Monday was an unusual Los Alamitos City Council meeting.
- City leaders discussed a “magic red binder” used to keep records of secret meetings.
- One councilman attempted to swear in his peers under oath and asked the council to consider a criminal investigation into the city's handling of a lucrative contract.
- Four of the five council members recused themselves on two items, and there weren't enough councilmembers present to vote on whether to pursue the criminal investigation.
At the heart of the unorthodox meeting is the controversial $24.5 million trash deal.
In a civil suit this year, a judge ruled that the council .
Since then, the divided council has fought bitterly over how to settle the suit and how much of the process should be negotiated behind closed doors or handled publicly.
As a result, every council person was accused by another councilmember of violating the Brown Act, the state’s open government law.
On Monday, a councilmember’s proposal to start an independent investigation into potential council Brown Act violations was shut down with no vote after the mayor pro tem said that there was “no issue” and no need for action.
Councilman Warren Kusumoto called for an outside review of alleged Brown Act violations regarding the city's discussion of prosecuting him.
In January, Mayor Troy Edgar, Mayor Pro Tem Marilynn Poe and Councilman Ken Stephens tried to have him prosecuted for allegedly revealing to the media what the council talked about during closed session.
Kusumoto said that he was never formally exonerated of the charges.
The council dropped the issue in March, but Kusumoto said that during discussions afterward, other council members violated the Brown Act in talking about how react to his prosecution.
Councilmember Gerri Graham-Mejia, who supported Kusumoto’s call for an independent investigation, recused herself from the discussion.
Before recusing herself, Graham-Mejia said, “I don’t think that, if we have violated the Brown act, that it should go unaddressed.”
Edgar also recused himself and said, “I don’t feel comfortable participating in a potential action against myself.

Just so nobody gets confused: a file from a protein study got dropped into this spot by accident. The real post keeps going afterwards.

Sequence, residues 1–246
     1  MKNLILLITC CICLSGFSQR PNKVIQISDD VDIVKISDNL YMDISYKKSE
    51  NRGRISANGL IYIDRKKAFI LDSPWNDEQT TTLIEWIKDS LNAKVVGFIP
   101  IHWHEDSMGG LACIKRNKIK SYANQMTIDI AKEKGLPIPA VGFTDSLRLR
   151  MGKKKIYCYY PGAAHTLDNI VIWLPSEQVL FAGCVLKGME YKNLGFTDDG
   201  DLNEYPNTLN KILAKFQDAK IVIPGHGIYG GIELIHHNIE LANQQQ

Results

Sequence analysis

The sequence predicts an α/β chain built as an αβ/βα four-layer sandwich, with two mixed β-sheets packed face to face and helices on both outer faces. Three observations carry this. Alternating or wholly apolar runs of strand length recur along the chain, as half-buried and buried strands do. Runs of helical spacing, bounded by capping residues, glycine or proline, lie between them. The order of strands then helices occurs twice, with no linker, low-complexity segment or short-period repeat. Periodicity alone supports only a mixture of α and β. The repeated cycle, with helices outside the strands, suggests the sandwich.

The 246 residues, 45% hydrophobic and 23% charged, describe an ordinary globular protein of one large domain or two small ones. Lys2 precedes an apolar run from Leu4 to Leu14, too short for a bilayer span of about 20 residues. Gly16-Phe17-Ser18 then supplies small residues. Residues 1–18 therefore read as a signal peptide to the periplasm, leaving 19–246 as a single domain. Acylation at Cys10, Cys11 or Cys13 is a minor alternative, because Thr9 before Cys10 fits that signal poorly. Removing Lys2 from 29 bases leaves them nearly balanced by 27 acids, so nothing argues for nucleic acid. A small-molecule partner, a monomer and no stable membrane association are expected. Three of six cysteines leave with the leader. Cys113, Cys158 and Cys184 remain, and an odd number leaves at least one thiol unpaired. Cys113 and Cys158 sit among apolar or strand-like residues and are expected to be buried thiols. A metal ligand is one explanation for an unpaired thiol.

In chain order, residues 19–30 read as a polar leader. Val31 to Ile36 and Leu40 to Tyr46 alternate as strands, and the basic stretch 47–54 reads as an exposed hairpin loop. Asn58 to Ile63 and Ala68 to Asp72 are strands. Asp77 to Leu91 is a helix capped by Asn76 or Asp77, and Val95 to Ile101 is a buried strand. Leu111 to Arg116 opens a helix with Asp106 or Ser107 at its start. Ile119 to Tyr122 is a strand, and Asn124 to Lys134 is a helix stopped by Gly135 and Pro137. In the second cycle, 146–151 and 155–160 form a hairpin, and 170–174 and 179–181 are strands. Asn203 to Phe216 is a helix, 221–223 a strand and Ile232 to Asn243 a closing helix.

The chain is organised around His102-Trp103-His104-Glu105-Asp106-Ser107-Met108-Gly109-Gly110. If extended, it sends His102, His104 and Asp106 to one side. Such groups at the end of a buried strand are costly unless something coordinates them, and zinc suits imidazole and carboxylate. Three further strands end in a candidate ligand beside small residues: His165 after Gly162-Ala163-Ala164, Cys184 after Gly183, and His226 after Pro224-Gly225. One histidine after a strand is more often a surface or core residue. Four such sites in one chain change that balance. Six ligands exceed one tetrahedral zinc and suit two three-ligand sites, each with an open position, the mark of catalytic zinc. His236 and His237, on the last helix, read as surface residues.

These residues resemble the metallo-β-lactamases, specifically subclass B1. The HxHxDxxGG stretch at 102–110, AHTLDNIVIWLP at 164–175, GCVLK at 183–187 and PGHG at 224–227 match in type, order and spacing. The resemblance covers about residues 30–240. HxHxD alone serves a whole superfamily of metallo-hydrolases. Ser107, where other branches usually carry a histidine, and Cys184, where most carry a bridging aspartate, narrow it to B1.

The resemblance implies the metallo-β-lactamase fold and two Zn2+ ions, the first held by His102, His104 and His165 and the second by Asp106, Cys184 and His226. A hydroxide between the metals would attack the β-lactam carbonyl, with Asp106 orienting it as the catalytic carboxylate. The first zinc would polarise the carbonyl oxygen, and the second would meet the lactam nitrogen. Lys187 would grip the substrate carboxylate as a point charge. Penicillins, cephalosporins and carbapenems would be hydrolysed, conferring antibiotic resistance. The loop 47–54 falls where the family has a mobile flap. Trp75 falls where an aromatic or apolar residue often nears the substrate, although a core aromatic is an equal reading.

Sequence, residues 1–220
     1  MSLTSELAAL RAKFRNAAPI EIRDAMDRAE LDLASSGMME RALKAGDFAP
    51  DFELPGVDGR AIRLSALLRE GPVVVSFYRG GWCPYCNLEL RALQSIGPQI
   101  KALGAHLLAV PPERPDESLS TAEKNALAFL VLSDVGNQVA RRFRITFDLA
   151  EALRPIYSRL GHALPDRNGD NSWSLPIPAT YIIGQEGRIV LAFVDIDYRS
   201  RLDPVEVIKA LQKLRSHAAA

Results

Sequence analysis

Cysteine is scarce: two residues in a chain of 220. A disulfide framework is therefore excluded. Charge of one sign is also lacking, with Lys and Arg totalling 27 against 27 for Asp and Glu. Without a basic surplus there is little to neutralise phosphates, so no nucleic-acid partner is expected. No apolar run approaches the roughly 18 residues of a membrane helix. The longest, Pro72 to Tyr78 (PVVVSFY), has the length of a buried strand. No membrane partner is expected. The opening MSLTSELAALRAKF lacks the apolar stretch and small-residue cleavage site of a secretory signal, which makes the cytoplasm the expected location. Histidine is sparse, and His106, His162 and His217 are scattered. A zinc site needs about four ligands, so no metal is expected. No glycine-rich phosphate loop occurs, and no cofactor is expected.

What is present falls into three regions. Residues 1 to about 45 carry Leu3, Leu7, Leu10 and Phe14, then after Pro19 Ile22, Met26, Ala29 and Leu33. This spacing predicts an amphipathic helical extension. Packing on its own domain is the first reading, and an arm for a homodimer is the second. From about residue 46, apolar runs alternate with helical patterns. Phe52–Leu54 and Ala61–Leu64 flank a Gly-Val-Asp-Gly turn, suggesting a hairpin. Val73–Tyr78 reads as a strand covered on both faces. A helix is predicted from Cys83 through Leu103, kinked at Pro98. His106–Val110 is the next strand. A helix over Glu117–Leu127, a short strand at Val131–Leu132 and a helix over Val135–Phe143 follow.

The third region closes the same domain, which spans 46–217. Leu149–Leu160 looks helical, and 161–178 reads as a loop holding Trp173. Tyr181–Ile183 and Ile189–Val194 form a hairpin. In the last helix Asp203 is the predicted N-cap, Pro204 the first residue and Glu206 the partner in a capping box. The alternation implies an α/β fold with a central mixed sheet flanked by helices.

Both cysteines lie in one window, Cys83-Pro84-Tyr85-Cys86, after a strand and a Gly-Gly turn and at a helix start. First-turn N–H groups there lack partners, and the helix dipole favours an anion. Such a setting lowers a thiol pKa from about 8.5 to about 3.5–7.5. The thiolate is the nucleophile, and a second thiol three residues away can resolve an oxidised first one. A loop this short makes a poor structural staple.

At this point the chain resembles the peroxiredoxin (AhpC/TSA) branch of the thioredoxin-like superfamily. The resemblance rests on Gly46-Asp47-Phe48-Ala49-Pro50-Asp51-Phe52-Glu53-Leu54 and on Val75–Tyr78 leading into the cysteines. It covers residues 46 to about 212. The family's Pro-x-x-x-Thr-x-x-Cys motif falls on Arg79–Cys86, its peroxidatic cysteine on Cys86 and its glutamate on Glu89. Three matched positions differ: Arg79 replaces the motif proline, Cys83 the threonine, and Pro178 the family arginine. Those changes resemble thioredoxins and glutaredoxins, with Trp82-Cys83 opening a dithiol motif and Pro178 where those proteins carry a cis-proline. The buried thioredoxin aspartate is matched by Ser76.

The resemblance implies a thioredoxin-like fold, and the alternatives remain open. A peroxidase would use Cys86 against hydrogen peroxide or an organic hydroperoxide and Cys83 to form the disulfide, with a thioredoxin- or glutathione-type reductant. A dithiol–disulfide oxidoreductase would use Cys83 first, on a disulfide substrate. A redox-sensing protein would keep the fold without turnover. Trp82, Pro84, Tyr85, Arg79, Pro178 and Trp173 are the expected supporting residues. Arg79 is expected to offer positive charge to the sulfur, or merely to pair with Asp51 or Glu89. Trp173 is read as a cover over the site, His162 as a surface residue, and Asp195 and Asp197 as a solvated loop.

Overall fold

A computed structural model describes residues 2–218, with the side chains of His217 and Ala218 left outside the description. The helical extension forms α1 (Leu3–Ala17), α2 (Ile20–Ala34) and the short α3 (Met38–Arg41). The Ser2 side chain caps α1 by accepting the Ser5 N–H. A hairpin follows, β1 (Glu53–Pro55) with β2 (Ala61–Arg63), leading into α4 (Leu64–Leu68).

"I’m not going to be a part of the discussion.”
After Edgar and Graham-Mejia recused themselves, Kusumoto requested that remaining councilmembers, the city manager and city attorney be sworn in and he read the "swearing in" oath.
City attorney Sandra Levin responded to Kusumoto's attempt to put council members under oath, saying that she didn’t see “any precedent” for swearing councilmembers in during a routine council meeting.
Mayor Pro Tem Marilynn Poe, who led the discussion on the item in Edgar’s absence, said that she always tells the truth and that the swearing-in procedure didn’t make sense.
“I guess I’m a bit mystified by this,” Poe said. “What are we are we going to be speaking the truth about?”
In the end there was no vote. Poe said that Kusumoto had publicly acknowledged in council chambers the potential Brown Act violation and as such had repaired the situation.
“I don’t think there is a Brown Act violation,” Poe said, and said she would close the discussion on the item, “being as there is no issue here."
After the Brown Act discussion, Kusumoto asked the council to decide whether to the city attorney should prosecute alleged city code violation regarding the city’s trash contract.
Stephens, Poe and Edgar recused themselves, leaving only Graham-Mejia and Kusumoto.
The city attorney said that there was not enough people to hold a discussion on the issue and the issue came to a close without a vote.
JM Ivler, 21-year los Alamitos resident, attended the meeting and said that what the majority of the council had done to Kusumoto by not exonerating him was not right.
“The sword of Damocles is still swinging over the guy’s head,” Ivler said during a 10- minute break in the meeting. “You can’t put swords over people’s heads.”
Before the discussion of the Brown Act and the alleged violations of the city code, the council debated creating a policy about their closed session meetings.
Frequently making mention of a "red binder" -- which officials say was used by a former city clerk to keep track of proceedings during closed session -- Kusumoto said that he wanted a policy in place to detail how the city catalogues closed session information.
Kusumoto said, people "look to us to create a record that we have in our red binder that will be usable by us and future councils."
Graham-Mejia supported Kusumoto’s request and said that if there’s no “history of what the council addressed and what their decision was, then the new council -- who maybe knows nothing about it -- there's no history for them to go on."
Edgar said he wouldn’t support the idea and that he felt it was just an attempt to obtain ammo against the trash contract, "to be able to gain information for political use.”
"Do we need to have a way to formerly say what our requirements are in closed session?” Edgar said. “To be able to store stuff into the magic red binder?"
"I wouldn’t support this in either the policy aspect or in having to do with the trash contract," Edgar added.
With Stephens, Edgar and Poe casting yes votes, the Council voted 3-2 not to create a formalized policy about the red binder.